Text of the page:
By Sgt. 1st Class Tyrone C. Marshall Jr.August 28, 2012
LONDON (AFPS, Aug. 28, 2012) -- Members of the U.S. Paralympic team completed their team processing and remain focused amid growing anticipation for the 2012 Paralympic Games.
The Paralympic Games, held every four years following the Summer Olympics, are a multisport event for athletes with physical, mental and sensorial disabilities.
More than 200 Paralympians, staged at the University of East London campus, are prepared to compete in 20 sporting events, including wheelchair basketball, wheelchair fencing, wheelchair rugby, swimming, shooting and sailing as they serve as American ambassadors for their respective sports.
"It's an amazing experience," said Navy Lt. Bradley Snyder, a member of the 2012 U.S. Paralympic swimming team. "It's a lot of things happening at once. It can be a little overwhelming. You come to processing and they hand you $3,000 worth of apparel and things like that. It's a lot happening at once."
Snyder, slated to swim in seven events, compared the excitement of competing in front of large crowds with his previous experience as a competitor.
"The swimming venue, I think, holds 18,000 people, so everyone's running through their heads, 'What's it going to be like to swim in front of 18,000 people?'" he said. "I was a collegiate athlete for four years [and] I swam for 12 years. I think the largest crowd I ever swam in front of was in the hundreds. To be able to go out in front of 18,000 people is going to be an amazing experience.
"It's been a challenge, I think, to stay focused on what we're trying to stay focused on, and at the same time, utilize the adrenaline rush we're going to have to our advantage." he added.
Michael Prout Jr., of West Springfield, Mass., also a member of the swimming team, will compete in the 100-meter butterfly, backstroke and freestyle, 200-meter individual medley and the 400-meter freestyle.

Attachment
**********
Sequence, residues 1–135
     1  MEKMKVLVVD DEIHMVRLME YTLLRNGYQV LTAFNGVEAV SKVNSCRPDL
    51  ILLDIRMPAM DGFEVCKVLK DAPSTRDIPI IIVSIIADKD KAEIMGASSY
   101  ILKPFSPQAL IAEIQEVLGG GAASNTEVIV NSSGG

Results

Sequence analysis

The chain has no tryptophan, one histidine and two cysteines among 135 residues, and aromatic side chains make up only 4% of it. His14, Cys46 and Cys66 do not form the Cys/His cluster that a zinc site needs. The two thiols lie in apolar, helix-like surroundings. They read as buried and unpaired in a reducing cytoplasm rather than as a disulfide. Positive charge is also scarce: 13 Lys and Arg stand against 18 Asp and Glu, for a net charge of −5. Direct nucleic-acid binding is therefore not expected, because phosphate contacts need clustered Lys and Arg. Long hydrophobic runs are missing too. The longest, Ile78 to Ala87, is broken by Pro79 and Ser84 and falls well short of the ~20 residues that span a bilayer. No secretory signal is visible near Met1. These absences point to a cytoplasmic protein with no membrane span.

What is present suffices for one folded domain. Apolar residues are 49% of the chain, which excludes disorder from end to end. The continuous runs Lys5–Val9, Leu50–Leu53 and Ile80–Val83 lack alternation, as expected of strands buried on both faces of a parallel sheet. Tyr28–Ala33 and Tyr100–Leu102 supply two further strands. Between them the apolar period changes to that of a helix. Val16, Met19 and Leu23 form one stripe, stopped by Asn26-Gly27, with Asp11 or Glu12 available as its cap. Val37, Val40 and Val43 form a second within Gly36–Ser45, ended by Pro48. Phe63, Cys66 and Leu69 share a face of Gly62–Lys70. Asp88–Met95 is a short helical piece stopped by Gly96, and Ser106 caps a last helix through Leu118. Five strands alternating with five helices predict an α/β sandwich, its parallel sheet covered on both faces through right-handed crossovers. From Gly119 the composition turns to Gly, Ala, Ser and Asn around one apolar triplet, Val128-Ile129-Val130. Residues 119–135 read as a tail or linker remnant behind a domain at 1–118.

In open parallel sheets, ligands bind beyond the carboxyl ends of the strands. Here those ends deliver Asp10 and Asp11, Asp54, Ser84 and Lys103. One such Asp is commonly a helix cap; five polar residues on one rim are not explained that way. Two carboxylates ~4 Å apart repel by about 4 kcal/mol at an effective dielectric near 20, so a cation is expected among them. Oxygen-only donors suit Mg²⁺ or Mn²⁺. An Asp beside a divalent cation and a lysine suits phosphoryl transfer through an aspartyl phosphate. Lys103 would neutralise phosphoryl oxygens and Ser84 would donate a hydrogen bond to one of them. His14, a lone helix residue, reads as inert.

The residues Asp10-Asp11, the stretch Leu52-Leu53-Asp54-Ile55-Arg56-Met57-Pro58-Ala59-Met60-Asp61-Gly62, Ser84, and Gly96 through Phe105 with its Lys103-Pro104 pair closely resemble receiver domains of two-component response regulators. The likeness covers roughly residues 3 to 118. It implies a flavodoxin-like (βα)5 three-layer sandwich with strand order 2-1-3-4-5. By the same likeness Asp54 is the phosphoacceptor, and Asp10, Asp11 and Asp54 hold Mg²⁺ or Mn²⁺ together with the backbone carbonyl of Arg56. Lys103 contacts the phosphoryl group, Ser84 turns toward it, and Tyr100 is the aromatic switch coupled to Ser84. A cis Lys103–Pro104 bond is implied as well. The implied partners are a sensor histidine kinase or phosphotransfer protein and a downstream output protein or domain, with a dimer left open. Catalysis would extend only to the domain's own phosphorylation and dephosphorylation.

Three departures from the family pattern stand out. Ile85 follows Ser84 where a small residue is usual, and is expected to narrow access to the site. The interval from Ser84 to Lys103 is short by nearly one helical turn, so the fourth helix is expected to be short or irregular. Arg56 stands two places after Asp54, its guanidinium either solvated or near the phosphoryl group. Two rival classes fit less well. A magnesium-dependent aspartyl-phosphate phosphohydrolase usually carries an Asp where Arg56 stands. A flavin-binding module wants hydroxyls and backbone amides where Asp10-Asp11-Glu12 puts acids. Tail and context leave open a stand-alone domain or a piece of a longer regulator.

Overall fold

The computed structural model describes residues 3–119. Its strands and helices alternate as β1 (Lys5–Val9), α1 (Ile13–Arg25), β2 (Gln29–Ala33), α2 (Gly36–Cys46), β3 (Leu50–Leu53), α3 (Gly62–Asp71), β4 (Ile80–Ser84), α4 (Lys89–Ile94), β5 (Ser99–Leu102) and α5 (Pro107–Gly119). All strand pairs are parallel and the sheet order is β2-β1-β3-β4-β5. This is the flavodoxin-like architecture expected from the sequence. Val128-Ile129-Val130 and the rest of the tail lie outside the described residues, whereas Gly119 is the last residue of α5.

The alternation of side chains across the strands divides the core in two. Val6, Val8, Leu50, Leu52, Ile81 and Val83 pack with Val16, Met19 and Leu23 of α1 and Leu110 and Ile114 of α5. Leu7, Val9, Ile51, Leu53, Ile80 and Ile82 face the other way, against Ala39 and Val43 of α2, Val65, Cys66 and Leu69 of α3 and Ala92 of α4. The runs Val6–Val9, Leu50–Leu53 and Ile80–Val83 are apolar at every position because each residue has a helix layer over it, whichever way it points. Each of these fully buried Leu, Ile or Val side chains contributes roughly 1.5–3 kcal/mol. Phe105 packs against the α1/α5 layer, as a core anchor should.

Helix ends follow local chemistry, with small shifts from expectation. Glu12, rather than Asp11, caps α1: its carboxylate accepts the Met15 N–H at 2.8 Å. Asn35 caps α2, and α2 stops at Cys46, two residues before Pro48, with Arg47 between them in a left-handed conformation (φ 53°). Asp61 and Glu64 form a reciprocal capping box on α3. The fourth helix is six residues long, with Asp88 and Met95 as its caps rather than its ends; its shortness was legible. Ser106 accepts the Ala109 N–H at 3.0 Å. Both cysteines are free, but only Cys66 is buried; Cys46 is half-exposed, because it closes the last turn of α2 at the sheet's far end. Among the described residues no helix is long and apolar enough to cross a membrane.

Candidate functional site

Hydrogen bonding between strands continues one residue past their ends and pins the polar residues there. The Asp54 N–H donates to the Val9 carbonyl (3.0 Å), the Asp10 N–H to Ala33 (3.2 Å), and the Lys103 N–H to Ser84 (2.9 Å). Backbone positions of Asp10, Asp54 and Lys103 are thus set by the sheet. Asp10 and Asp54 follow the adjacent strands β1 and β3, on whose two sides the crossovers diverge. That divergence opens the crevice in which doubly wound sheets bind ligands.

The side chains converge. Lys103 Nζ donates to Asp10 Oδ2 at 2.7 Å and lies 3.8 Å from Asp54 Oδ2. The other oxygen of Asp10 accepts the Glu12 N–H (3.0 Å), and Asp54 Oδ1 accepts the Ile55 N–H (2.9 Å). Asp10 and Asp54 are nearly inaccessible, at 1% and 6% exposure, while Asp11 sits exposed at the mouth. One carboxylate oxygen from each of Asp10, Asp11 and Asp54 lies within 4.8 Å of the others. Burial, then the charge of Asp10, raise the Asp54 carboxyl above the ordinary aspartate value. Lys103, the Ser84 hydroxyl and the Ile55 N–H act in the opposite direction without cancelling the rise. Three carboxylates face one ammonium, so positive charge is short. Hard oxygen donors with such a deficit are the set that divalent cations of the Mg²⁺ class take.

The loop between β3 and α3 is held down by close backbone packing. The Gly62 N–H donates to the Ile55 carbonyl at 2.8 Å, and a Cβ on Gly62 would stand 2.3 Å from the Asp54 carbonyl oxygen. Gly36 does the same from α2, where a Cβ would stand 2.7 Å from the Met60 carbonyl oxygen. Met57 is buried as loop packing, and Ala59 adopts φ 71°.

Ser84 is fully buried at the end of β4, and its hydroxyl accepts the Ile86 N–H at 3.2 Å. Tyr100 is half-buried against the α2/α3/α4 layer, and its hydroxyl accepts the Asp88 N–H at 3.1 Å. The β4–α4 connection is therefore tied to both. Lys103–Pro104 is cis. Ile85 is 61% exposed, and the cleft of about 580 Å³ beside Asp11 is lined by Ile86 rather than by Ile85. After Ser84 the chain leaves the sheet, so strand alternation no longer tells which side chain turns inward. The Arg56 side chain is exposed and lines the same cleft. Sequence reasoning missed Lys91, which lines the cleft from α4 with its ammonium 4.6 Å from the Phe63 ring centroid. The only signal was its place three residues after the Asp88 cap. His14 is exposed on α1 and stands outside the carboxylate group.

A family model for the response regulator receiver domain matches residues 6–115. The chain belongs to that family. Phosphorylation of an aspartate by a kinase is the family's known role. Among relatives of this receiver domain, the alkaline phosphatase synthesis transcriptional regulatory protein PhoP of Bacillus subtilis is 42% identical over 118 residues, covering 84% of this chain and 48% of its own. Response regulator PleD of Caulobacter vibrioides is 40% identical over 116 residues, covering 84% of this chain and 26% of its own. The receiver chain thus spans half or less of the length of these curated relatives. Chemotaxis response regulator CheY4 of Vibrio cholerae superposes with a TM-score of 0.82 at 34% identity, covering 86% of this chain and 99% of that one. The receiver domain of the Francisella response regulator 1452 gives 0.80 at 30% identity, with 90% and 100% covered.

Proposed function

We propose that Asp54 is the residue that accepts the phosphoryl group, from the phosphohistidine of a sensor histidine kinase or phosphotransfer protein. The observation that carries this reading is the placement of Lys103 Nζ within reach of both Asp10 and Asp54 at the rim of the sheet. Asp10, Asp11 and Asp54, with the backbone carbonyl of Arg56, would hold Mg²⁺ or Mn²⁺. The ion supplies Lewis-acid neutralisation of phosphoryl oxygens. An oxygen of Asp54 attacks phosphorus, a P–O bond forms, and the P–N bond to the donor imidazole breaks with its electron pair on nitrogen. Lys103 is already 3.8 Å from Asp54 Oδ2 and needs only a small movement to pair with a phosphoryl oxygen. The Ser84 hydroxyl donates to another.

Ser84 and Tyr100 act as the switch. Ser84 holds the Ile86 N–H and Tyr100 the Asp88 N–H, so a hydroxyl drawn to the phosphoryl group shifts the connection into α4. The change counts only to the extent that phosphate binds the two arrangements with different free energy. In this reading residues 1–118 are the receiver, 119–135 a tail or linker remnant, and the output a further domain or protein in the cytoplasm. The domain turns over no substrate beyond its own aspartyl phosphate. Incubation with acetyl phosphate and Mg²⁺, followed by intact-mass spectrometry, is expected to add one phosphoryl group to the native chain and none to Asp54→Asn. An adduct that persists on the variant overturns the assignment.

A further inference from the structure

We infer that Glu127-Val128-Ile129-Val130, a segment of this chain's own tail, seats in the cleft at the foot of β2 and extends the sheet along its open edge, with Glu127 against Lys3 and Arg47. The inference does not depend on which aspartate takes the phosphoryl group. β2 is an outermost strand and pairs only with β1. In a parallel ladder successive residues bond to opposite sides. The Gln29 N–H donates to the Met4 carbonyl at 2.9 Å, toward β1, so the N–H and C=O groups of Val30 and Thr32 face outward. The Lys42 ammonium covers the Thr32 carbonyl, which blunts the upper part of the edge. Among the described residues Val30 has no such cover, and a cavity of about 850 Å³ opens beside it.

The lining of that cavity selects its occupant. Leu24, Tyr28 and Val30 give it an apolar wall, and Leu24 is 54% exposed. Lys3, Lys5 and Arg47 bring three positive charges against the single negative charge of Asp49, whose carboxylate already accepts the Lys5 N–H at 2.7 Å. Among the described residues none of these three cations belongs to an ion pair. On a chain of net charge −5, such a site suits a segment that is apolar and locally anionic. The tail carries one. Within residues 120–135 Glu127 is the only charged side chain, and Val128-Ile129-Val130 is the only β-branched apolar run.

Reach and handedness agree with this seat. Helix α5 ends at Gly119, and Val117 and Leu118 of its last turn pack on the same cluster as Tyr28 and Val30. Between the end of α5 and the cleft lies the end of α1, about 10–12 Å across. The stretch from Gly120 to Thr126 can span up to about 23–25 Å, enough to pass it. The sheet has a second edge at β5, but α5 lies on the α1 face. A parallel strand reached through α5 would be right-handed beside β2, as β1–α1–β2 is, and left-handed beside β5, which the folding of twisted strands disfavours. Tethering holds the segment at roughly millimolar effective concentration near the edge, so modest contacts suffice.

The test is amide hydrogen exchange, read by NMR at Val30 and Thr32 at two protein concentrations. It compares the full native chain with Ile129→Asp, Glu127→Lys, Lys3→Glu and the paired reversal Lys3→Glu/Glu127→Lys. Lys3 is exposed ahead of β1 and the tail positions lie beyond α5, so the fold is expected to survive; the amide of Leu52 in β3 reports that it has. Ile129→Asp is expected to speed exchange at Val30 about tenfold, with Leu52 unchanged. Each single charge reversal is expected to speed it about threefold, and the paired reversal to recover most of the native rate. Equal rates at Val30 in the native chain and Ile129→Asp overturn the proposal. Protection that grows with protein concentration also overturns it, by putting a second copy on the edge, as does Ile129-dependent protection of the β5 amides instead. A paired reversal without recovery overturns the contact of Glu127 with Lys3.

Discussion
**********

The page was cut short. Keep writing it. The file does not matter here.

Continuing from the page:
"For the past two years, I've been living out in Colorado Springs (Colo.) at the Olympic Training Center with the resident team out there," he said. "There's nine of us, actually, that made the Paralympic team this time around from that area. I was out there just training full-time instead of focusing on anything else. I think that is going to help out a lot."
Prout noted even though he's competed in the 2004 Paralympic Games in Athens, Greece, and in Beijing in 2008, he still feels the excitement of the approaching competition.
"It's been crazy," he said. "We've been training in Germany for the past week and a half, and we just got into the village yesterday. And we've been going back and forth trying to get training in and coming over for all the fitting of apparel.
"Today's been crazy, but it's been a lot of fun," he continued. "And we're getting so much cool stuff that I think we're all pretty overwhelmed with everything still."
The biggest thing, he said, is trying to stay focused and establishing a good routine while helping the rest of the team stay on the same page.
With 227 Paralympians processing through the campus, many needing assistance, it would be nearly impossible without volunteers such as Air Force Staff Sgt. Brandi Campbell to assist the U.S. Olympic Committee.
Campbell, who serves in an orthopedic clinic with the 48th Mission Support Group in Lakenheath, England, had such a strong desire to help that she used leave to augment three days of permissive temporary duty to help with team processing.
"An email went out to everyone to give you an option that you'd be able to choose to help with the Olympics or the Paralympics, or you could do both," she said. "I chose the Paralympics just because they work with our duty section, and to get to work with these people is a blessing.
"They're amazing," she added. "They have to overcome so much that to work with them and hear their stories, get to meet them, get to see their coaches, I [wouldn't] trade it for anything."
Campbell said she was also excited when she learned the rugby team was from her hometown of Portland, Ore.
Part of the team processing duties, Campbell said, is passing out brand-name apparel and accessories provided by sponsors to the athletes.
"The athletes get 99 items [each]," she said. "I get to see the joy on their face when they get to see everything they get."
Campbell helps the athletes try on the apparel, and said it can take up to 20 attempts for some to get the right fit.
"But to see their face at the end of the day [and] to know that you helped them is perfect," she said.